Hepatitis C: Cost In The Way Of A Cure
Dee’s liver is scarred, but just a bit too healthy for her insurance to foot the bill for the new medications that cure hepatitis C more than 90 percent of the time.
The Butler County resident, who suspects she got the virus getting a tattoo, was recently told by her doctor to come back in a year.
John, a retired small-business owner from Washington County who was given blood in the early 1990s, was also denied the antivirals. Now, as he watches a friend grow weak from liver cancer, he fears he’s glimpsing his future.
An appeal to a pharmaceutical company is Jennifer’s last shot at treatment after the insurance company denied her three times. The 34-year-old office manager — who said she gave up her heroin habit nine years ago — can barely make it through the workday because of fatigue.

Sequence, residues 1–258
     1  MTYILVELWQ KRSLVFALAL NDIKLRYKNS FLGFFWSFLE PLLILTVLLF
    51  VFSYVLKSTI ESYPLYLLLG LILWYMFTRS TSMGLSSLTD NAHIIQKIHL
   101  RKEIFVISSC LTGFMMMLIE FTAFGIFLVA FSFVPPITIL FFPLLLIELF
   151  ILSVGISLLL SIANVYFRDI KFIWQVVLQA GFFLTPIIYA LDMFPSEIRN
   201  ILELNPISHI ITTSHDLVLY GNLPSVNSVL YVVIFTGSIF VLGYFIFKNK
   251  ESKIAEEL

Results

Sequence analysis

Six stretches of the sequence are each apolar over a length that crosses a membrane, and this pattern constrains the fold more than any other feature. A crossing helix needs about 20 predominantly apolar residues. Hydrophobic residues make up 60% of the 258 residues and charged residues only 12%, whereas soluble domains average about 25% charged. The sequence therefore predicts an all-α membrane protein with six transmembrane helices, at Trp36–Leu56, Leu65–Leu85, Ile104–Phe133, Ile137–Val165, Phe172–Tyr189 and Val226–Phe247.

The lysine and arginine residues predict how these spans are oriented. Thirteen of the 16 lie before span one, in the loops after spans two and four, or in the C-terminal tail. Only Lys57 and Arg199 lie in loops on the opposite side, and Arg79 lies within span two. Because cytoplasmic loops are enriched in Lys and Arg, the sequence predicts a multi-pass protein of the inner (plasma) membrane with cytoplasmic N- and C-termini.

“My quality of life is not what it was even a few months ago,” she said from her McKean County home.
These Pennsylvanians, who asked that their last names not be used because of the stigma surrounding hepatitis C, are among an estimated 205,000 in the state and 3.2 million in the country with the infectious blood-borne virus.
The vast majority of those patients could be cured by new all-oral medications that came to market in late 2014, but because the costs and demand are so high, insurers are restricting who gets to be treated.